Similarly, trust assets are not considered marital assets subject to division in a divorce. In addition, the trustee cannot be forced to make distributions that would disqualify a disabled beneficiary from receiving needed benefits.
A retirement trust can also protect a beneficiary who lacks the maturity or responsibility to handle a large inheritance. The trustee cannot control what the beneficiary does with funds once they are distributed, of course, but can control the flow of funds to the beneficiary.
In short, a properly-drafted retirement trust provides the tax benefits of an IRA and the asset protection of a trust—the best of both worlds.
Types of Retirement Trusts
There are a variety of trusts, each of which can offer different advantages:
Conduit trust: This type of trust serves as a link between your beneficiary and IRA. The trust is named as the beneficiary of the IRA, and the person you select is designated the beneficiary of the trust. Ultimately, the conduit trust is the middleman and facilitates an easy transition of assets while safeguarding the IRA from creditor claims.
Beneficiary-controlled: These trusts may be a good choice for those who want to give their children the opportunity to manage their share of the trust at a certain point in the future. This can allow the beneficiary to exercise some control over when funds are withdrawn from the trust and for what purpose.
Accumulation-style: This is a type of see-through trust. It allows a trustee to determine whether retirement account withdrawals should be paid to the beneficiary or kept in the trust.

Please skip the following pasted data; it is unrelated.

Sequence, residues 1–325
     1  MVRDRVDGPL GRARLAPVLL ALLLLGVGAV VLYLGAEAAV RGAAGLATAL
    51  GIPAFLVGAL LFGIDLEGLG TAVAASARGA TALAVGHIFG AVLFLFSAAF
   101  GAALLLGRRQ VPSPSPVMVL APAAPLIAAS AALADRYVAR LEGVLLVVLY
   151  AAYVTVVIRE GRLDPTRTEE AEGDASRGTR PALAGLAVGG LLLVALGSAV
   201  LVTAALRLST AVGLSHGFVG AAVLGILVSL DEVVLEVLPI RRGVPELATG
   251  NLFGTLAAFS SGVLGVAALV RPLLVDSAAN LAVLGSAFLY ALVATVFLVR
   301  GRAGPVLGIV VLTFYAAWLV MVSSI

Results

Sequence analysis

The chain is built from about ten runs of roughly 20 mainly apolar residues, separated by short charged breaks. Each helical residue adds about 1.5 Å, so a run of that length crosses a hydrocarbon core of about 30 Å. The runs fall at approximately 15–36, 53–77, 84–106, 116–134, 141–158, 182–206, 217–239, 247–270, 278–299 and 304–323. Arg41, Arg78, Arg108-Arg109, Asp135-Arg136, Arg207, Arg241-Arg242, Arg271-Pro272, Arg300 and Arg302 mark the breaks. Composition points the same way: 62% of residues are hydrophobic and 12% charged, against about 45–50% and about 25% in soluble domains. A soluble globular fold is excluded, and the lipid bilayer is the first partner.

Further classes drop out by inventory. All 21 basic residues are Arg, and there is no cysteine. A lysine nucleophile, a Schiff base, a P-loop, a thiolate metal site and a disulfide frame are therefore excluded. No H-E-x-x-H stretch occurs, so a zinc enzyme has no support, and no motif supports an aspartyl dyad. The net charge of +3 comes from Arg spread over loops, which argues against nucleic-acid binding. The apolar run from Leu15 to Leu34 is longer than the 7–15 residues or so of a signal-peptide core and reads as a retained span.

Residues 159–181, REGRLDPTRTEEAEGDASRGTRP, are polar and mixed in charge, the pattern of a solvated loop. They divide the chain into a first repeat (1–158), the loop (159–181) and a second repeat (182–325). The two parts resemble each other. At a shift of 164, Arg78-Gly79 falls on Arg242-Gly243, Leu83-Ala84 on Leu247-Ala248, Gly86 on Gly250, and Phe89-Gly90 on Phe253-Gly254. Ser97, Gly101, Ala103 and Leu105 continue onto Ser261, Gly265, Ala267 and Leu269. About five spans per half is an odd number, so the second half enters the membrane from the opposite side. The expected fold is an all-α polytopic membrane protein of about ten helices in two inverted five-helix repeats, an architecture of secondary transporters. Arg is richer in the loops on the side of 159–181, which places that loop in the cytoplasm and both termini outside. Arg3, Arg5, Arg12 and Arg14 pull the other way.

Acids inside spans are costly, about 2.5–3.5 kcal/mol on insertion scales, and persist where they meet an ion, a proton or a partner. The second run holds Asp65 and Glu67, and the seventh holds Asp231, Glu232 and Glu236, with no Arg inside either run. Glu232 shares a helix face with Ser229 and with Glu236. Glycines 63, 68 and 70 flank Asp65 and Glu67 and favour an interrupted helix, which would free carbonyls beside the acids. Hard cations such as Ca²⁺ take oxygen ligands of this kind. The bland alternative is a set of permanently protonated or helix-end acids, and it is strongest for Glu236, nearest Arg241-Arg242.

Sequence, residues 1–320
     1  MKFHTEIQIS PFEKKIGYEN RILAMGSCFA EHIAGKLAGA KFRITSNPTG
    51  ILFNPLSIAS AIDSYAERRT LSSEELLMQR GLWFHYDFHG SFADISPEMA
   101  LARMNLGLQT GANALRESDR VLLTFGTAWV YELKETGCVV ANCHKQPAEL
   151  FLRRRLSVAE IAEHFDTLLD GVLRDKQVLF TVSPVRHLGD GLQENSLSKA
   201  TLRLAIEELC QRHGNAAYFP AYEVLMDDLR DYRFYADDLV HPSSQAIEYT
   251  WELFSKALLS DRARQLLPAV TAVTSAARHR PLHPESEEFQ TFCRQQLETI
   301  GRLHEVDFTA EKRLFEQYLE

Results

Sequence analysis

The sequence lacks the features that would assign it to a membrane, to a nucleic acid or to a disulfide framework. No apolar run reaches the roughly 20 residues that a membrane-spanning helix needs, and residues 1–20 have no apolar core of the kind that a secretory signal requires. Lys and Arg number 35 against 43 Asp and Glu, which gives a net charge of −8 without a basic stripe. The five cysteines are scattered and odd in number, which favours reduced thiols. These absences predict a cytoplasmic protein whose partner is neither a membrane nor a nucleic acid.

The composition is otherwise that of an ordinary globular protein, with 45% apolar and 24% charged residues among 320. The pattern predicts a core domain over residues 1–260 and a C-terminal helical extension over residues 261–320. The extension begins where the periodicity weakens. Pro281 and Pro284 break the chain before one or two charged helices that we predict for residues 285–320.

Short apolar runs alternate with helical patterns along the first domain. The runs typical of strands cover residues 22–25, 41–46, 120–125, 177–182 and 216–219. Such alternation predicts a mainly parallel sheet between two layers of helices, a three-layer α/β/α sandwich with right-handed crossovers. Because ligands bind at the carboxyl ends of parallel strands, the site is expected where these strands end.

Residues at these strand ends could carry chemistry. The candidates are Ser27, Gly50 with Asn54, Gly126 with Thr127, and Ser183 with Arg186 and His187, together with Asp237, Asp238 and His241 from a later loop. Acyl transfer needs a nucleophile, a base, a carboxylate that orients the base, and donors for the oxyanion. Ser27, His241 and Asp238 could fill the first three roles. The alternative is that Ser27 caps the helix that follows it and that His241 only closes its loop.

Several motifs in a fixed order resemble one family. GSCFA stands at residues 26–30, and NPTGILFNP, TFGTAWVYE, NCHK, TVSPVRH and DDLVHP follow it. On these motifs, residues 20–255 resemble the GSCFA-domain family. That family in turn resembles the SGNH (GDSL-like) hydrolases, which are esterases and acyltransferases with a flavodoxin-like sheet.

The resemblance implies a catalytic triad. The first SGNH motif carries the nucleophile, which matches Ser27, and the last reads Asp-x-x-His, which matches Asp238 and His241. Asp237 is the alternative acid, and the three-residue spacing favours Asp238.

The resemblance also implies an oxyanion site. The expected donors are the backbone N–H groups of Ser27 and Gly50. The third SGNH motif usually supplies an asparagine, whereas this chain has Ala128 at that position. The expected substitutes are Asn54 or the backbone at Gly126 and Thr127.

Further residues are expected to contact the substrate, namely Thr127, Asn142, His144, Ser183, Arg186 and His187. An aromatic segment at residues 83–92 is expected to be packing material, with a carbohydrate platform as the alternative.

Retirement protector trusts: Retirement protector trusts are beneficial for those with larger retirement accounts of $300,000 or more who wish to safeguard their assets for their children and shield them from creditors. They may also be a good choice for individuals who want to use the trust for the benefit of a minor, a beneficiary with a disability, or someone who has difficulty managing money responsibly.
Your choice of retirement trust should be based on your unique circumstances and needs after consultation with an experienced estate planning attorney.
Contact an Experienced Michigan Estate Planning Attorney
If you are considering setting up a retirement trust, it’s essential to discuss your needs and circumstances with an attorney who can help you explore your options. The knowledgeable estate planning attorneys at Barron, Rosenberg, Mayoras & Mayoras work with clients regarding trust and estate planning matters to help ensure their retirement assets are protected and their future wishes will be carried out. Schedule a consultation today by calling (248) 213-9514 in Michigan or (941) 222-2199 in Florida to learn how we can assist you. You can also use our simple online contact form.